Creative

Creative people are drawn to careers and activities that enable them to take responsibility for the design, layout or sensory impact of something (visual, auditory etc). They may be atrracted to the traditional artistic pursuits such as painting, sculpture, singing, or music. Or they may show more interest in design activities, such as architecture, animation, or craft areas, such as pottery and ceramics.

Creative people use their personal understanding of people and the world they live in to guide their work. Creative people like to work in unstructured workplaces, enjoy taking risks and prefer a minimum of routine.

Realist

Realists are usually interested in 'things' - such as buildings, mechanics, equipment, tools, electronics etc. Their primary focus is dealing with these - as in building, fixing, operating or designing them. Involvement in these areas leads to high manual skills, or a fine aptitude for practical design - as found in the various forms of engineering.

Realists like to find practical solutions to problems using tools, technology and skilled work. Realists usually prefer to be active in their work environment, often do most of their work alone, and enjoy taking decisive action with a minimum amount of discussion and paperwork.

Investigative

The Investigative person will usually find a particular area of science to be of interest. They are inclined toward intellectual and analytical activities and enjoy observation and theory. They may prefer thought to action, and enjoy the challenge of solving problems with sophiscticated technology. These types prefer mentally stimulating environments and often pay close attention to developments in their chosen field.

Qualities

You need to have mechanical aptitude, and the ability to think in three dimensions and how projects can be realised via software and communicated in presentattions and by other collaborative means.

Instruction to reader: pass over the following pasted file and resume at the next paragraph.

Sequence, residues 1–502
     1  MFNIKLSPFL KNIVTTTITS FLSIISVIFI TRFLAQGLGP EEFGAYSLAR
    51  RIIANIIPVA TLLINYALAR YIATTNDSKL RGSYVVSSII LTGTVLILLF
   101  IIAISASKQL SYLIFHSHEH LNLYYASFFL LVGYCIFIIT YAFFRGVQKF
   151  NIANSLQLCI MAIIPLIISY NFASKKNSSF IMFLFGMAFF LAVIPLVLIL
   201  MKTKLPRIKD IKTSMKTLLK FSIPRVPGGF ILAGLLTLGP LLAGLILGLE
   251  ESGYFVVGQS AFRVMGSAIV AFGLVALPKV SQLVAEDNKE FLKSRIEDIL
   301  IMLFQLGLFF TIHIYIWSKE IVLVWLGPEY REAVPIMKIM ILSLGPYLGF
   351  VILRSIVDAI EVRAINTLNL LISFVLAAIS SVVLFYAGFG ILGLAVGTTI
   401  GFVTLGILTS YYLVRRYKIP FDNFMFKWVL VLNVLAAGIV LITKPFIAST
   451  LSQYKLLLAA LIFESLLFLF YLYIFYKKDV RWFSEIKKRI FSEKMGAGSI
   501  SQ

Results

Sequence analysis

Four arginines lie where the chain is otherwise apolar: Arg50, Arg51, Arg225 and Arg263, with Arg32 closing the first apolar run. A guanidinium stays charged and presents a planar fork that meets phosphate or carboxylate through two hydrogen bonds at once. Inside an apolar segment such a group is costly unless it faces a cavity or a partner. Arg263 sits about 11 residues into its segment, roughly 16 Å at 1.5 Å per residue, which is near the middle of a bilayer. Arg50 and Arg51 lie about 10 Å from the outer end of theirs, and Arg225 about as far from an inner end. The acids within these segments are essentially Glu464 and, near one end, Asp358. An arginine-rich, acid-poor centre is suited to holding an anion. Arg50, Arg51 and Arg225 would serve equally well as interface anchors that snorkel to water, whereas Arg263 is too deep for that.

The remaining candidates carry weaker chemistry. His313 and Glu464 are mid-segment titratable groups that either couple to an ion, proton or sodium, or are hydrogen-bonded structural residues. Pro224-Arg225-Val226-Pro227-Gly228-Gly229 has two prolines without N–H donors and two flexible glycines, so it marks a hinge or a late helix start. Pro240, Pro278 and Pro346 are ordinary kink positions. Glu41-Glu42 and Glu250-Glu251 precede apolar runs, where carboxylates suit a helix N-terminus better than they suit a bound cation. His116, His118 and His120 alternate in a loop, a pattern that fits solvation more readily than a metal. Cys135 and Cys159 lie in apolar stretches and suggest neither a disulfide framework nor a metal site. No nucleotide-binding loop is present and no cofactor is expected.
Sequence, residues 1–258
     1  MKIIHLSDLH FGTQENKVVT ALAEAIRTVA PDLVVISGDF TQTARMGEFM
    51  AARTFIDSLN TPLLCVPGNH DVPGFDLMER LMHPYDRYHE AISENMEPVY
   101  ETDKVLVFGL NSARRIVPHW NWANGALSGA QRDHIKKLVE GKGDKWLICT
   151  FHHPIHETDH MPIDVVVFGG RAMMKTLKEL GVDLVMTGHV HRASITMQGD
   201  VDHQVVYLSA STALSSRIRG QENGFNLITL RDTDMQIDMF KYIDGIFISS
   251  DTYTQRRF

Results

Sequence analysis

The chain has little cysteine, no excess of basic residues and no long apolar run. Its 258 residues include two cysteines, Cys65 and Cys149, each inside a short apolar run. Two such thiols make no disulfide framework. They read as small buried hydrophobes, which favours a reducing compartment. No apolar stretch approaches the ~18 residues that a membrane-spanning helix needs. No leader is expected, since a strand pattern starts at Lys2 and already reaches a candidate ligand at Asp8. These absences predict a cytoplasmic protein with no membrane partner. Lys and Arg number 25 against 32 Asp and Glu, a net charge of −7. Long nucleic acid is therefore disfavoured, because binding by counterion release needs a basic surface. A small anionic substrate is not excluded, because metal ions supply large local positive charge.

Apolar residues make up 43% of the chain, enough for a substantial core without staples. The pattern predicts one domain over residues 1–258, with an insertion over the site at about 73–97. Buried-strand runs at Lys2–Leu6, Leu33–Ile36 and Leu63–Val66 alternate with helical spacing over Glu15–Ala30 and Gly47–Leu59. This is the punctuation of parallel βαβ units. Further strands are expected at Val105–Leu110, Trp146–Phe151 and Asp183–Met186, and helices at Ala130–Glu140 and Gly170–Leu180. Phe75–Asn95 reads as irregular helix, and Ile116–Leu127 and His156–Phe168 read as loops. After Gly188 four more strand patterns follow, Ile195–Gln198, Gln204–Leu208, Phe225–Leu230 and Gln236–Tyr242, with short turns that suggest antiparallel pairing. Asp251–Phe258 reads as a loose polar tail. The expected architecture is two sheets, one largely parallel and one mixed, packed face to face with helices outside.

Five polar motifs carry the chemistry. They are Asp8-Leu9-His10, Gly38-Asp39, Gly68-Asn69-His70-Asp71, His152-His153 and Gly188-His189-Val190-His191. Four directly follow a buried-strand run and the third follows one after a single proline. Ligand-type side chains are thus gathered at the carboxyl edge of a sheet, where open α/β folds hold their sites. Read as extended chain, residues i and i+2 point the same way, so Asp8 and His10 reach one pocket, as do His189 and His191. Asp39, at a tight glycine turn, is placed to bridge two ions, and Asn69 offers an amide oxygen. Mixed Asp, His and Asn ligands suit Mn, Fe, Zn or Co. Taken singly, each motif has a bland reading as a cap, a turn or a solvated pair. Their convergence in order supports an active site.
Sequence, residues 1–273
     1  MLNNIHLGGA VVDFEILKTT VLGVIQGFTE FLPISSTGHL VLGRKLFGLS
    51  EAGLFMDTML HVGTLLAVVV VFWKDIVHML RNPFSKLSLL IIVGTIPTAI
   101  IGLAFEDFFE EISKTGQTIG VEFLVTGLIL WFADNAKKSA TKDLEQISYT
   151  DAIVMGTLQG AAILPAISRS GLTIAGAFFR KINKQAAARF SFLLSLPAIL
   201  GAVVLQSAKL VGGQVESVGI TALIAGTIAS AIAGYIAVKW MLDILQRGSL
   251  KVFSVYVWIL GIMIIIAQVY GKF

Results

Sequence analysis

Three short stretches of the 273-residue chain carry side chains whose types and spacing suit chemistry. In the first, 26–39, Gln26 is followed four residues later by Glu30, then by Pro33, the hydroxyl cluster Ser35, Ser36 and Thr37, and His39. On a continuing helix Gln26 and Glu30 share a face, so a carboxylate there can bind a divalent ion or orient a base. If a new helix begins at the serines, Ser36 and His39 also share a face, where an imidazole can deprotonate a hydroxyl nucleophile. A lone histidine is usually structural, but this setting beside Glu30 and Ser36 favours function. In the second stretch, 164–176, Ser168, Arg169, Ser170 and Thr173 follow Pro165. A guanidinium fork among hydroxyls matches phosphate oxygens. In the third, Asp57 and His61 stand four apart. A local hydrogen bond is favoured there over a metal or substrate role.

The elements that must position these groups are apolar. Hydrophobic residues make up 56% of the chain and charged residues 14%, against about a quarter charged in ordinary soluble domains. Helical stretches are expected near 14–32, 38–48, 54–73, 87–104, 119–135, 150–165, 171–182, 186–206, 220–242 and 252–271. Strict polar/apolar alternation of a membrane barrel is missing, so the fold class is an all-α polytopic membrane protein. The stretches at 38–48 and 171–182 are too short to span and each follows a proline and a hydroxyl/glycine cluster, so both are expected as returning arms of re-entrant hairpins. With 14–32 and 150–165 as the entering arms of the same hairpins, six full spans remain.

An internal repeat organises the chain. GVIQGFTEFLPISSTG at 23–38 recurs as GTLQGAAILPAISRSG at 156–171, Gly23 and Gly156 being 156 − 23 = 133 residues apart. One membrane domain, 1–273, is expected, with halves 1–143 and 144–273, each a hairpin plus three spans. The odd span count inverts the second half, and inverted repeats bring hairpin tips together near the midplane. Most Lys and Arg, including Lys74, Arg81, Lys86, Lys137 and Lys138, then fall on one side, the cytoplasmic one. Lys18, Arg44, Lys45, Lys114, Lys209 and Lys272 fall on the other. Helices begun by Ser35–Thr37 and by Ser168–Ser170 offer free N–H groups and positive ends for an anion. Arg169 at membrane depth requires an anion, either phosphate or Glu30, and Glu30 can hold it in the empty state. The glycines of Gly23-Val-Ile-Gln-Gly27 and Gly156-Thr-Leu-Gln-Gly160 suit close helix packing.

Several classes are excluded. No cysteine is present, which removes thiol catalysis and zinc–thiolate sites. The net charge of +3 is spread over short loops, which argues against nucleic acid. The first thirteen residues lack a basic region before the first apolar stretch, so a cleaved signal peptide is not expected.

You also need to be able to work to tight deadlines and to work in a team. Above all, you need to have an interest in buildings, how they are built, how they work and how they are used.

An understanding of technology is important and you must be accurate and methodical in your work. Most important is the ability to work independently on one's own initiative, and to take responsibility within one's competence.

Today, a lot of the technician's job is done through computer aided design so computer competency is beneficial. You should also be someway mathematically minded.

Entry Requirements - Architectural Technician / Technologist

To qualify as an architectural technologist you must take an accredited degree course, which generally takes three years of full-time study, followed a period of supervised practical training.

You are then eligible to become an Architectural Technologist member of the RIAI. Graduates of accredited programmes apply under Route T1 [See RIAI].

Qualifications awarded outside the State are evaluated by the RIAI on a case by case basis against the Irish standard for entry through Route T1.

Graduates of non-accredited programmes awarded in the State mayapply for the Architectural Technologist Entry Exam.

Four-year Level 8 courses in Architectural Technology are now also available. RIAI accreditation of these degrees is now under way. [Coure search]

Last Updated: November, 2015

Pay & Salary - Architectural Technician / Technologist

Salary Range (thousands per year)* €21k - €45k

Data Source(s):
Sigmar / Hudson

Last Updated: February, 2017

* The lower figures typically reflect starting salaries. Higher salaries are awarded to those with greater experience and responsibility. Positions in Dublin sometimes command higher salaries.

Labour Market Updates - Architectural Technician / Technologist

Useful Contacts - Architectural Technician / Technologist